upgrade CD.

    If it's a full system CD, You'd just boot the CD and go for it.
     
    steve, Dec 21, 2005
    #13
  14. Crash

    steve Guest

    Crash wrote:

    > Because this is a 'file server' pc there is no special hardware (even with
    > XP). The few applications I need can easily be re-installed.


    If it's just a file server, install a basic Linux system and set it up as a
    file / print server.

    Clark Connect Home 3.2 is easy, simple, free and takes about 10 minutes to
    install.

    Turn on Samba and define the shares....then maintain it via your web
    browser.

    Honestly, if Clark Connect Home was any easier, dead people could do it.
     
    steve, Dec 21, 2005
    #14
  15. Crash

    Crash Guest

    steve wrote:
    > Crash wrote:
    >
    >
    >>Because this is a 'file server' pc there is no special hardware (even with
    >>XP). The few applications I need can easily be re-installed.

    >
    >
    > If it's just a file server, install a basic Linux system and set it up as a
    > file / print server.
    >
    > Clark Connect Home 3.2 is easy, simple, free and takes about 10 minutes to
    > install.
    >
    > Turn on Samba and define the shares....then maintain it via your web
    > browser.
    >
    > Honestly, if Clark Connect Home was any easier, dead people could do it.
    >
    >

    Hi Steve,

    Thanks for this and the previous post.

    I have since decided to buy XP home (OEM version - I really needed the $6 USB
    extension cord honest). The package has arrived severely crushed but the CD is
    intact. I booted to it and got it to to the 'upgrade check' and it said that
    this version could not be used to upgrade Me. Not entirely unexpected but it
    means back to boot floppies and format C:. Note I currently use c: only for
    windows, installing application programs and files compulsorily put there.

    I am tempted to consider Linux - but I really do not want to learn a new OS
    (however simple it is) at present.

    Crash.
     
    Crash, Dec 22, 2005
    #15
  16. Crash

    steve Guest

    steve, Dec 22, 2005
    #16
  17. Crash

    Enkidu Guest

    Crash wrote:
    > steve wrote:
    >
    >> Crash wrote:
    >>
    >>
    >>> Because this is a 'file server' pc there is no special hardware (even
    >>> with
    >>> XP). The few applications I need can easily be re-installed.

    >>
    >>
    >>
    >> If it's just a file server, install a basic Linux system and set it up
    >> as a
    >> file / print server.
    >> Clark Connect Home 3.2 is easy, simple, free and takes about 10
    >> minutes to
    >> install.
    >> Turn on Samba and define the shares....then maintain it via your web
    >> browser.
    >> Honestly, if Clark Connect Home was any easier, dead people could do it.
    >>

    > Hi Steve,
    >
    > Thanks for this and the previous post.
    >
    > I have since decided to buy XP home (OEM version - I really needed the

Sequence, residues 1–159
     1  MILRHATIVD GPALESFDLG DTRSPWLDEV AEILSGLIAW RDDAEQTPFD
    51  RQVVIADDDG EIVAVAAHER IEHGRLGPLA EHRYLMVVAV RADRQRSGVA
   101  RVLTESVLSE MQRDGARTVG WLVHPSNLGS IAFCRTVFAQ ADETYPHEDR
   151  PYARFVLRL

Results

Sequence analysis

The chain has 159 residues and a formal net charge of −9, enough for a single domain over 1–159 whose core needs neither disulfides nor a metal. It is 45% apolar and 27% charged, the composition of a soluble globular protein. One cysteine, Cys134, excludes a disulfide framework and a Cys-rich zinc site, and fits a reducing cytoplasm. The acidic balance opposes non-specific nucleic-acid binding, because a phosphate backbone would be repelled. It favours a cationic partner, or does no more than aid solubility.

> $6 USB extension cord honest). The package has arrived severely crushed
    > but the CD is intact. I booted to it and got it to to the 'upgrade
    > check' and it said that this version could not be used to upgrade Me.
    > Not entirely unexpected but it means back to boot floppies and format
    > C:. Note I currently use c: only for windows, installing application
    > programs and files compulsorily put there.
    >

    If you haven't got anything on there that you want boot from the CD and
    do a 'new install', not an upgrade. You will then be asked about
    prtitions, at which stage you can remove any partitions you don't want,
    recreate them, and then they will be formatted for you during the install.

    Sheesh! WHY do people make things difficult for themselves by using
    floppy disks?


    Cheers,

    Cliff
     
    Enkidu, Dec 22, 2005
    #17
  18. Crash

    Crash Guest

    Enkidu wrote:
    > Crash wrote:
    >
    >> steve wrote:
    >>
    >>> Crash wrote:
    >>>
    >>>
    >>>> Because this is a 'file server' pc there is no special hardware
    >>>> (even with
    >>>> XP). The few applications I need can easily be re-installed.
    >>>
    >>>
    >>>
    >>>
    >>> If it's just a file server, install a basic Linux system and set it
    >>> up as a
    >>> file / print server.
    >>> Clark Connect Home 3.2 is easy, simple, free and takes about 10
    >>> minutes to
    >>> install.
    >>> Turn on Samba and define the shares....then maintain it via your web
    >>> browser.
    >>> Honestly, if Clark Connect Home was any easier, dead people could do it.
    >>>

    >> Hi Steve,
    >>
    >> Thanks for this and the previous post.
    >>
    >> I have since decided to buy XP home (OEM version - I really needed the
    >> $6 USB extension cord honest). The package has arrived severely
    >> crushed but the CD is intact. I booted to it and got it to to the
    >> 'upgrade check' and it said that this version could not be used to
    >> upgrade Me. Not entirely unexpected but it means back to boot
    >> floppies and format C:. Note I currently use c: only for windows,
    >> installing application programs and files compulsorily put there.
    >>

    > If you haven't got anything on there that you want boot from the CD and
    > do a 'new install', not an upgrade. You will then be asked about
    > prtitions, at which stage you can remove any partitions you don't want,
    > recreate them, and then they will be formatted for you during the install.
    >
    > Sheesh! WHY do people make things difficult for themselves by using